Some teens are more resilient than others and seem to bounce back, even after major setbacks like the loss of a parent or other loved one. According to research, resilient teens seem to have built-in radar that appears to guide them toward social supports, activities, and more positive interactions with others so that when stressful events arise, they are more adept at coping.
As school is the largest part of life for children between the ages of 5-18, it is important to have these social supports in place, as teens do not always seek help due to parental conflict or fear of being mocked by their peer group, they will try many avenues toward feeling better, some more positive than others before verbally asking for help. For example, teens who are active in curricular as well as extracurricular activities may experience depression but have more supports in place to help in combatting it.
Research suggests that the ability to reach out externalize feelings helps reduce factors leading to depression, such as stress. If teens cannot talk to their parents or their teachers, then social media becomes a useful tool. Reaching out through social media is a means for teens to share their feelings. Within this medium, they can vent, and even receive feedback and support from teens who may or may not be in their immediate social circle. Many teens do not feel comfortable discussing their feelings with their parents; in fact, the underlying cause of the depression in teens may be their relationship with their parents.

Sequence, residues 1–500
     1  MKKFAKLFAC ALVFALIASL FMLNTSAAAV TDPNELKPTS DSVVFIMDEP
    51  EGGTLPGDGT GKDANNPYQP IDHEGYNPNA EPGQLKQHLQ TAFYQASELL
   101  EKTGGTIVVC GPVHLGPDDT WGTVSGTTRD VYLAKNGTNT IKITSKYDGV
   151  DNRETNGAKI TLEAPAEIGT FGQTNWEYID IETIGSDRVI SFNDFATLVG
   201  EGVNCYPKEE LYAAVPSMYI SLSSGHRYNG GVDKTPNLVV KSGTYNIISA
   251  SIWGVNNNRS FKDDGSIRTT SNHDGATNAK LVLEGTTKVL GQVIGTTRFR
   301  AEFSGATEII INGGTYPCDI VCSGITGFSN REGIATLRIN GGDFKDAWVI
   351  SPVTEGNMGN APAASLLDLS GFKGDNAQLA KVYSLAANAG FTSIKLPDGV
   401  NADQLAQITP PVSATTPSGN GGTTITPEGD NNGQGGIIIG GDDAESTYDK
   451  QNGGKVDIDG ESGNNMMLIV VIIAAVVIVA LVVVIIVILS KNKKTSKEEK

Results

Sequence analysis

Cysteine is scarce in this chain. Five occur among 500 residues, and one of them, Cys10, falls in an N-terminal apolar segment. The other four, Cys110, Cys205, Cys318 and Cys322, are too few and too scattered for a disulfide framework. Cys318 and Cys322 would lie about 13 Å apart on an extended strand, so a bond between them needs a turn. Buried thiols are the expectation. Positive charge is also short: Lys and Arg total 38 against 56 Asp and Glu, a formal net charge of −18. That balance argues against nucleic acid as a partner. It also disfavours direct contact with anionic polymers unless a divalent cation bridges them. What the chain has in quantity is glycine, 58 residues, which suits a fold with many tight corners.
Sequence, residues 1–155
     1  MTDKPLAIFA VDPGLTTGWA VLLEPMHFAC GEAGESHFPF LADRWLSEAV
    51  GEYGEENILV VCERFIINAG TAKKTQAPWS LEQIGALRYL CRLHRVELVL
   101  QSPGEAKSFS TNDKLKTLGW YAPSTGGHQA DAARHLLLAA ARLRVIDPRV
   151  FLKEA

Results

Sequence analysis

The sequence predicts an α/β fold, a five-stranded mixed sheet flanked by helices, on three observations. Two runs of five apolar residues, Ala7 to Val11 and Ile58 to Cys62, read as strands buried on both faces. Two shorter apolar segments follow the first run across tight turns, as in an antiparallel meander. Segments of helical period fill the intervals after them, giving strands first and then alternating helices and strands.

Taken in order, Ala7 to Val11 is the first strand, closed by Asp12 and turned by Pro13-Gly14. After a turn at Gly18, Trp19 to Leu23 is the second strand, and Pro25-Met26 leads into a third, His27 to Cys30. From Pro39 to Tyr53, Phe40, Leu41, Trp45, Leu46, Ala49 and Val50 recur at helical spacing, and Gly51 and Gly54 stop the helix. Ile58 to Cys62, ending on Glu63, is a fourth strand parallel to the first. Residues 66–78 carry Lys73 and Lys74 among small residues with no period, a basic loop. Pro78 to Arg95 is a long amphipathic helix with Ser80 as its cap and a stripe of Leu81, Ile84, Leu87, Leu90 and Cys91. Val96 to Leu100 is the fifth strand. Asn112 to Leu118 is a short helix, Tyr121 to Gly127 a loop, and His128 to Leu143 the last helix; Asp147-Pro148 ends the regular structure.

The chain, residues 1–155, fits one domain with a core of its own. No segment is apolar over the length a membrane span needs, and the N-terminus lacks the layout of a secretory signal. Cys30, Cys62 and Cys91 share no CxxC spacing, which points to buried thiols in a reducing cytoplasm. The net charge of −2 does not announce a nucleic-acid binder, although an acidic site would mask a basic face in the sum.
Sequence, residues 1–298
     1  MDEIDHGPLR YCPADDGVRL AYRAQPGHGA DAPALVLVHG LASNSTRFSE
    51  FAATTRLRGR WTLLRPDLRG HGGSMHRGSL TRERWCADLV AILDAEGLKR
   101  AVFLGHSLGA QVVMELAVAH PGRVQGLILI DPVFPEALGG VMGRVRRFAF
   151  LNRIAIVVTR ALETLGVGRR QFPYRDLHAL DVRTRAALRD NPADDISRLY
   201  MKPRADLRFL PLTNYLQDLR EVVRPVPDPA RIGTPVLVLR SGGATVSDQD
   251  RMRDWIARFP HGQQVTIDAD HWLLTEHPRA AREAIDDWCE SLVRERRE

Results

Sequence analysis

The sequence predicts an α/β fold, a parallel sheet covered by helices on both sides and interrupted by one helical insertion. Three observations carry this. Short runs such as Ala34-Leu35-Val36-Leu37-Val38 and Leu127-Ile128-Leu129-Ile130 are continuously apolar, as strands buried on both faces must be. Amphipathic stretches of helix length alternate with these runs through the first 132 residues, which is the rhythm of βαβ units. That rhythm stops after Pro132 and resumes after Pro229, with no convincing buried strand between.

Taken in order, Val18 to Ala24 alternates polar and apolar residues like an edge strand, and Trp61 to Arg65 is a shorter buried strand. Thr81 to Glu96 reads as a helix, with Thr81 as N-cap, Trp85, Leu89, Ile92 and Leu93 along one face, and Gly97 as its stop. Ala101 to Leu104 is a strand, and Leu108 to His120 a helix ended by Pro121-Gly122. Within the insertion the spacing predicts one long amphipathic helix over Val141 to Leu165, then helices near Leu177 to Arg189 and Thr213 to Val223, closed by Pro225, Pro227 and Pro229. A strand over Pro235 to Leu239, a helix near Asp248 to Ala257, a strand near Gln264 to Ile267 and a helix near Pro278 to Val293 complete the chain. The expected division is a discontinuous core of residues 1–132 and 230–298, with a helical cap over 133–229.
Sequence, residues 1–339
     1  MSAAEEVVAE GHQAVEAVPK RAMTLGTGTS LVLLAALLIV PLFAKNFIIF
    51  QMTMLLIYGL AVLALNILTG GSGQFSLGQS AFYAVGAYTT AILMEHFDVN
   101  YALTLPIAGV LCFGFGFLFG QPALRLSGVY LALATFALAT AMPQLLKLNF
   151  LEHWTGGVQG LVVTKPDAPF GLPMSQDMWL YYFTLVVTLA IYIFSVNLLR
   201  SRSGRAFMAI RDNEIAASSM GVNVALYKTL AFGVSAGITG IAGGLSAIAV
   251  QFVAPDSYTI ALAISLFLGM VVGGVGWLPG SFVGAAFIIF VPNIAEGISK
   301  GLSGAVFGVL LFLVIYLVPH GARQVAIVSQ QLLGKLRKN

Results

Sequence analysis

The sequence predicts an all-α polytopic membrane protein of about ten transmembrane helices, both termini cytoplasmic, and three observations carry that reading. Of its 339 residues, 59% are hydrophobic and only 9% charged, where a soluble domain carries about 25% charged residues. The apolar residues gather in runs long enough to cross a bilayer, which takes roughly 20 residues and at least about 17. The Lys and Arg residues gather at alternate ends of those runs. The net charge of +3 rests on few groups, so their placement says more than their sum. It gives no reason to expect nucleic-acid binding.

Parents may or may not realize the role they play in their child’s mental health. The words and the manner of expressing disappointment and anger can lead to teen depression. There is a causal link between parenting, parent-child relationship, and teen stress and depression. Parenting is not easy, and sometimes being the child of a parent who lacks good coping skills is more difficult; this may mean the teen must find some other means of dealing with depression.
While there are positives to teens using social media as an outlet for their emotions, they also risk the dangers of exposing themselves to cyberbullying. In recent years cyberbullying has become increasingly prevalent among teens, and, as a result, there have experienced depression due to cyberbullying as well as the aftermath and reactions to the online bullying, offline at school, and home.
However, teens are overall in touch with what is available to them on social media, and since many are online for much of their day, some practitioners and other groups have generated resources and information geared toward teens.
When a teen is actively seeking help, there is hope for that teen and those who care about them. It is when a depressed teen is not seeking help, not crying out through any means available that the situation has reached its direst state. While parents should not spy on their children’s social media sites, they should at least be aware of what their children have and any of their usernames.